Foreign Policy Blogs

How China is pushing Bangladesh away from India

After the skirmish along the Indian-Chinese border that killed 20 Indian soldiers, many Indian commentators are presently concerned that China is increasingly trying to push New Delhi’s allies away from India and towards them.  For example, the Hindu reported that these commentators described the zero-tariff agreement for 97% of the exports between Bangladesh and China as “charity” for a “least developed” country, a critique that caused an uproar among Bangladeshi officials.  

Although there was a diplomatic cost to such remarks, it appears that India has a good reason to be concerned.  Siegfried O Wolf, director of research at the South Asia Democratic Forum (SADF), a Brussels-based think-tank, told DW: “China has a port facility [Hambantota] in Sri Lanka, they have Gwadar [in Pakistan], they are building a port facility in Myanmar [Kyaukpyu] – this gives India the feeling of being surrounded by China. This is the military dimension of Indian concern.”

He also cautioned that China might use investments to gain political influence: “So there is a threat for India that China might influence the government of Bangladesh.”  According to him, this threat may have an economic dimension: “We have seen China driving out other countries from the market. For instance, it has become very difficult for French and German companies to get contracts in African countries.”

Already, Bangladesh has increasingly been gravitating away from India and towards China.  In recent years, Bangladesh, who joined the Belt and Road Initiative that India refuses to take part in, have received $31 billion in investments from China.  In 2015, China became Bangladesh’s top trade partner, thus replacing a position that India had occupied for years.   And now, China is offering coronavirus aid to Bangladesh and there is a sister city agreement, where six Bangladeshi cities will be sister cities of cities within China.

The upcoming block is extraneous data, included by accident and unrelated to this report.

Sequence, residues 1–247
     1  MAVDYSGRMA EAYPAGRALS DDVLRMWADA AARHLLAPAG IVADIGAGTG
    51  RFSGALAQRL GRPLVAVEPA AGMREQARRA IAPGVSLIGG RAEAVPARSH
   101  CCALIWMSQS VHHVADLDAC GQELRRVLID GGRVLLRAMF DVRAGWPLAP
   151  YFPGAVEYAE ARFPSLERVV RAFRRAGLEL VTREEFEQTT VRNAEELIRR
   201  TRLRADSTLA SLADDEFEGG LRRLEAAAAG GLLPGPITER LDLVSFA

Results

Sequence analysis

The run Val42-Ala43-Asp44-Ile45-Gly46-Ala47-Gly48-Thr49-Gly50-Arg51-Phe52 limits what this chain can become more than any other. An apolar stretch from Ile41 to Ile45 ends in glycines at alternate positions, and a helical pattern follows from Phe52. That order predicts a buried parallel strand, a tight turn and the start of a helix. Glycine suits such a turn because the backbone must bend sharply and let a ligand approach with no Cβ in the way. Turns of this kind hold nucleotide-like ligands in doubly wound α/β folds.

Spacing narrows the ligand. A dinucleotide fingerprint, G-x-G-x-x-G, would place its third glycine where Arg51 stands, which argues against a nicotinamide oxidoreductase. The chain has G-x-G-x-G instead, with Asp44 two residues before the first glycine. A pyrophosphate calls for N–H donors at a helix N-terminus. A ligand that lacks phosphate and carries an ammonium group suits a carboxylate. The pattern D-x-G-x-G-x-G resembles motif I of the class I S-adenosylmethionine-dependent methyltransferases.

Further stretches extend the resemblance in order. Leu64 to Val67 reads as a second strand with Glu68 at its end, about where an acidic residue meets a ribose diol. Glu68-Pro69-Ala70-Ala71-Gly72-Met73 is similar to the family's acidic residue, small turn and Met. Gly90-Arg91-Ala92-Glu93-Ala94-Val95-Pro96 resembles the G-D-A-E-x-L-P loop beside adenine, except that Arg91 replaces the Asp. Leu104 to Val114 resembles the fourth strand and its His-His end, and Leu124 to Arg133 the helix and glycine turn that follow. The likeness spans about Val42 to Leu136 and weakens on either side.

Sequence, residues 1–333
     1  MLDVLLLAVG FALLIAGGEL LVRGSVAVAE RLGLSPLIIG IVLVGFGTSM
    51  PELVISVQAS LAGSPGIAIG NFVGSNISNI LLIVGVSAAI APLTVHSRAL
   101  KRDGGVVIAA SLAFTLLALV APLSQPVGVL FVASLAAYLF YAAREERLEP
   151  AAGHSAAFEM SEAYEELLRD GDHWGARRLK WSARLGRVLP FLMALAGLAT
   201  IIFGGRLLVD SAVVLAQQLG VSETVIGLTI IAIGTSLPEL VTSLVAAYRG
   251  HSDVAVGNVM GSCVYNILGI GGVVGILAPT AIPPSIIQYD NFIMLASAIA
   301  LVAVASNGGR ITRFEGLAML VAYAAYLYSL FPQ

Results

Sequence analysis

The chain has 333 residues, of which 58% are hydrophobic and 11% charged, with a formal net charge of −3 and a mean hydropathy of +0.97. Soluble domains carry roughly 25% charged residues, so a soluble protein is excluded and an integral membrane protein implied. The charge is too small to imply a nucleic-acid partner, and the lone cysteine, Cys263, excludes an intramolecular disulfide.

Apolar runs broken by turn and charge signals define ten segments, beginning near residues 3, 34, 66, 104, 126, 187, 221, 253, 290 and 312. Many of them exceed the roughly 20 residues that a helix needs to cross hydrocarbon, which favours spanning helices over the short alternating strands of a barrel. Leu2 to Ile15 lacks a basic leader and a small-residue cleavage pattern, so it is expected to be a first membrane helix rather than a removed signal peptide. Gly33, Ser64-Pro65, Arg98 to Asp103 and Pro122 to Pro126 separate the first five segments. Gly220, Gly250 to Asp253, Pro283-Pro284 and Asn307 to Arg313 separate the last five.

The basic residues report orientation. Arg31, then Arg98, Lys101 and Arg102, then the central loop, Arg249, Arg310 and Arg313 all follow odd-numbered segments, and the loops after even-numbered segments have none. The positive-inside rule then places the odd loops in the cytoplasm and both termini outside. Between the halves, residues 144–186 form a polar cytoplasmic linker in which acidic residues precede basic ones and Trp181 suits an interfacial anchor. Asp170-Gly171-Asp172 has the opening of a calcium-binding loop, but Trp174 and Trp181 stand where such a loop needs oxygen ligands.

Shipan Kumer Basu, who heads the World Hindu Struggle Committee, added that in light of the coronavirus pandemic: “China has offered to invest around $24 billion in Bangladesh, which is among the highest level of assistance promised to a country under BRI. A large portion of the committed assistance will be in the form of credit.  BRI is criticized, basically for the debt burden and the exploitation by China that a country faces if they fail to repay the debt. The case of Sri Lanka, another South Asian country, which had to give a portion of its land on lease to China after failing to repay the loan, is well known.”  However, he noted that Bangladesh hopes that they won’t share Sri Lanka’s fate.

“Notably, Bangladesh and China today enjoy a warm and friendly relationship and have formed a strategic partnership,” he added.  “The two countries share a close military and economic relationship. However, the difference in culture between the two countries is considered a lacuna in this relationship. For bridging this gap, China is persistently enhancing its public diplomacy to foster people-to-people connectivity through measures like — encouraging educational and cultural exchanges, organizing visits of media and political parties’ delegations, establishing Chinese language institutes, organizing interaction among the trade bodies, think tanks and many other activities.  China’s public outreach has paid a dividend in forming a favorable public opinion in support of the relationship. In Bangladesh, rarely any negative sentiment about China is voiced in public. Despite the presence of trade imbalance with China, the issue is hardly highlighted and recognized as a problem in the bilateral relations between the two countries.”